A manuscript from 1987

Yesterday I found a copy of one of the first manuscripts I ever submitted. It was never published, so it is time for it to be made available. Ideas discussed are nowadays common place. The manuscript, I think, is still mostly valid almost 30 years after I wrote it… I should have tried harder to get it published then.

Click on the image to read the full manuscript.

Nature article is wrong about 115 year limit on human lifespan – NRC


Leading scientific journal Nature reported on Wednesday about a maximum lifespan for humans. But are their statistics right?

Source: Nature article is wrong about 115 year limit on human lifespan – NRC


A small set observations with a few extreme observations plus subjective splitting of a data set into two subsets to be fitted separately to a linear regression model resulted in very clear cut conclusions and striking figures. However, none of this is solid evidence, or evidence at all supporting the paper’s conclusions. This series of articles, not only discusses the problems in the paper, but more importantly, it traces the review process that allowed it to be published in Nature.

A new analysis of the data appears in an article at “Ask a Swiss” but still based on model fitting. They detect a significant change in slope, but still we do not have confidence bands available.


More about P-values: what are the alternatives?

I earlier mentioned that a high-ranking journal in Psychology called “Basic and Applied Social Psychology” has banned the use of P-values. Today, I came across some additional material on this question. First of all, the controversial editorial where the decision was announced.

A paper, published in this journal, giving guidelines on the best way of presenting results without use of P-values. The paper by Geoff Cumming, titled “The New Statistics: Why and How” makes a good argument for using confidence intervals and other descriptive statistics in place of P-values.

He also has a series of videos in YouTube from which the three linked to below are related to the use (and misuse) of P-values. For my liking he does not make a clear enough distinction between the problem inherent to P-values (that they discard a lot of information to reach a true/false decision) and those problems due to the misuse and misinterpretation of tests of significance. He does mention the difference, but you need to keep your eyes and ears open to get this out of his presentations.

In addition a blog and podcast of a round table complete the discussion of this issue giving a bit wider account of the controversy surrounding the use of P-value.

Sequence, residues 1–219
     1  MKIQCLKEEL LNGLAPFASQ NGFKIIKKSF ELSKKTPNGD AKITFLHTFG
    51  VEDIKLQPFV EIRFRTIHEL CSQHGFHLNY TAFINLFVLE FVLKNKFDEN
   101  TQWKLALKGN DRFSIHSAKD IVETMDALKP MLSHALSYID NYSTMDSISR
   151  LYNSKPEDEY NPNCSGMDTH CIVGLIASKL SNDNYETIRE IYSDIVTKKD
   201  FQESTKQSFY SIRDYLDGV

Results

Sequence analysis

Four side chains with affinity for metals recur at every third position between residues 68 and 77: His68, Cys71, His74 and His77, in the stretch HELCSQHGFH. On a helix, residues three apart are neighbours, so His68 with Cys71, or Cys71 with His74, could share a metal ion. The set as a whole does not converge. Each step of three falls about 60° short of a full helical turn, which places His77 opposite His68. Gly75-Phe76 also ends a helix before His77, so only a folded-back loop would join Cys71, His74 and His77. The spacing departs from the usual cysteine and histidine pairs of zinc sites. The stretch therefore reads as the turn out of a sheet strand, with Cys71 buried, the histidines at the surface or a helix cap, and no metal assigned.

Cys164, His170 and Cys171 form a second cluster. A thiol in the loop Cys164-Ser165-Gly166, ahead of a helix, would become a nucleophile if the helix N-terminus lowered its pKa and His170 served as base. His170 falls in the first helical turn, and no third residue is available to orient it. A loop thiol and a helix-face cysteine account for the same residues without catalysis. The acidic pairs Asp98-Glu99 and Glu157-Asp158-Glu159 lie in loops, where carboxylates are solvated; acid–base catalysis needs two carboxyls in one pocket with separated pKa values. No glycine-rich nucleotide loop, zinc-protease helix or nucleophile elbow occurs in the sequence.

The American Statistical Association Says [Mostly] No to p-values

Norman Matloff has published a new post after receiving criticism and comments about stating “The ASA says No to p-values” in his post I wrote about yesterday. He defends his interpretation in this new post. However, I think, the interpretation of  the statement in a context different from the “Big data” field to which he is used to does not need to always be “Says No to p-values” but instead in many cases could be “Use p-values to assess the strength of the evidence and nothing else”.  However, “tests” with binary outcomes on probabilities that are essentially continuous, will always be based on an arbitrary threshold and discard a great deal of information. Consequently to me using as suggested by Norman Matloff  “assess” in place of “test” makes a lot of sense.

The new post is at https://matloff.wordpress.com/2016/03/09/further-comments-on-the-asa-manifesto/

The American Statistical Association Says No to p-values

Norman Matloff (2016) writes in his post:

Sadly, the concept of p-values and significance testing forms the very core of statistics. A number of us have been pointing out for decades that p-values are at best underinformative and often misleading…

Source: After 150 Years, the ASA Says No to p-values | Mad (Data) Scientist

Yesterday, the statement by the American Statistics Association was published on-line in the journal “The American Statistician”. Many statisticians have been aware of the problems of significance tests for a long time, but general practice, teaching and journal instructions and editors’  requirements had not changed. Let’s hope the statement will start real changes in everyday practice.

John W. Tukey (1991) has earlier written quite boldly about the problem:

Statisticians classically asked the wrong question—and were willing to answer with a lie, one that was often a downright lie. They asked “Are the effects of A and B different?” and they were willing to answer “no.”

All we know about the world teaches us that the effects of A and B are always different—in some decimal place—for any A and B. Thus asking the effects different?” is foolish.

What we should be answering first is ”Can we tell the direction in which the effects of A differ from the effects of B?” In other words, can we be confident about the direction from A to B? Is it “up,” “down” or “uncertain”?

The third answer to this first question is that we are “uncertain
about the direction”—it is not, and never should be, that we
“accept the null hypothesis.”